Mrs. Sarah Arbuckle, a widow at Cass, who lived near the mine when her husband worked there has vivid recollections of the mining boom and events that took place. “I knew Marion Hammond, George Martin and John Morehead who dug for gold many years – until they died, also a man named Douglas who burned to death in a house near the mine, and Charley Austin who was accused of squandering some of the mining company’s money, pleaded insanity and still lives somewhere back in the mountain,” she said.

Mrs. Arbuckle owns a share of the mining stock. “But never got anything out of it,” she declared. Her idea about the whole thing is: “When interest in the legend ran high and they started mining ore was brought from Joplin, Mo, and hidden in the dirt. That fired the works.”

Elias Russell, still active at 85, has lived within three miles of the mine all his life. He hauled lumber from his sawmill to the mine and was deputy sheriff 22 years during the mining operation. It was Mr. Russell who protected Mexican Charley from the hands of the mob. “Interest in the mine was high here and everywhere then,” he said. “Women, as far away as Dallas, Tex. Sold their feather beds for money to buy the mining stock, and lots of people would buy it again if it got started again. I always thought the place was just an old Indian village site and what they found were Indian bones and trinkets.”

The mine is in a picturesque, timbered, rock-strewn cove, walled in by mountains. The cove is, roughly, a quarter of a mile long and 200 years wide, with overhanging ledges and perpendicular cliffs, 50 feet high in places, on either side. Sparkling Cove Creek cascades down a gulch between the mountains and flows into nearby Mulberry river.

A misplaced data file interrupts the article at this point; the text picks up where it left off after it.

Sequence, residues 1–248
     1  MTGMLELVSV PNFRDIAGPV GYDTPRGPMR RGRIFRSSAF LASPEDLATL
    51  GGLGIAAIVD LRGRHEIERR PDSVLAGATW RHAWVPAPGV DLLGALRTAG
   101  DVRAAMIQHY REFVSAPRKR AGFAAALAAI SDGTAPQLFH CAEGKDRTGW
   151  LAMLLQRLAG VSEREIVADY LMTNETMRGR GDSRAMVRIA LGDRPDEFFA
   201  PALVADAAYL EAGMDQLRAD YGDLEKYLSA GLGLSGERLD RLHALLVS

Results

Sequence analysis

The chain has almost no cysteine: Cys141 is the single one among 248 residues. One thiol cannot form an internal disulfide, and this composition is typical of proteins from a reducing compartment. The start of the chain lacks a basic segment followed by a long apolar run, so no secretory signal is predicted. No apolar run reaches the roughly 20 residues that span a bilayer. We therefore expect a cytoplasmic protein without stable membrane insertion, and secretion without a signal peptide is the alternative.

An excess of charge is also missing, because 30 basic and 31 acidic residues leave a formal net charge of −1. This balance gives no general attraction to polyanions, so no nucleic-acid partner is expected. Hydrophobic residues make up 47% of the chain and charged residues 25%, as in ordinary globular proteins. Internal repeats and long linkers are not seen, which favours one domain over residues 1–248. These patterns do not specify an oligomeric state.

Seven tunnels, on both the north and the south sides of the cove, large enough for the small donkey-drawn cars on which the dirt was hauled out over narrow gauge tracks, extend far back underground from the bases of the cliffs. Some of these tunnels are filled with muddy water, while others have become springs. One is 20 feet deep.

While the old mine is seldom talked about any more by anyone in the locality, certain questions lie dormant in the minds of many old-timers who witnessed or were a part of the prolonged search for the gold. The strange markings high up on the ledge, the witching rod that pulls toward the mine, (Mrs. Arbuckle said: “I saw it pulling”, Charley’s blueprint and the origin of the legend itself, have never been explained to their full satisfaction.

Many thanks to Robert Myers for providing this 1958 magazine article, written by Steele T. Kennedy.

Saturday, June 18, 2011

Today is the Big Day!

Today our Smith Clan is gathered over in Moffat County, Colorado, north and west of Maybell at a location best known as Bear Valley. Between approx. 1915 and 1923 several families of our relatives from Oklahoma and Texas homesteaded in that high, barren ground of northwestern Colorado but after a series of tragic deaths and failure to thrive in that remote and arid land the family packed up their homemade covered wagon and with the older children driving the cattle horseback set out to cross the Continental Divide in late fall of 1923. They all made it through the snow and cold to settle in Purcell, Colorado, now a prairie ghost town and never much more than that.

The survivors and descendants of that rugged band of pioneers are visiting the old homesteads and erecting signs with names and dates of the ones who lived and died there so that in years to come the grandchildren and great grandchildren will find it easy to locate those tracts of land in that uninhabited valley where dinosaurs once roamed. Yes, this land is just east of Dinosaur National Monument and south of Flaming Gorge National Recreation Area and adjacent to that infamous Browns Park, Colorado where outlaws once holed up from the law.

But most tourists who visit those three famous sites will never know of Bear Valley, also known as Bare Valley, and rightly so. It's off the beaten trail, privately owned land with unpaved roads and no trees in sight. But it means a great deal to those of us whose grandparents and great-grandparents took their hopes and dreams up there only to come away beaten and heartbroken after leaving three of their own buried at the little cemetery in Craig.

My thoughts are with you today, my Smith Clan relatives who made the big trek to Bear Valley today. May the good weather hold, your tires stay aired, and the click, click, click of cameras echo through the valley.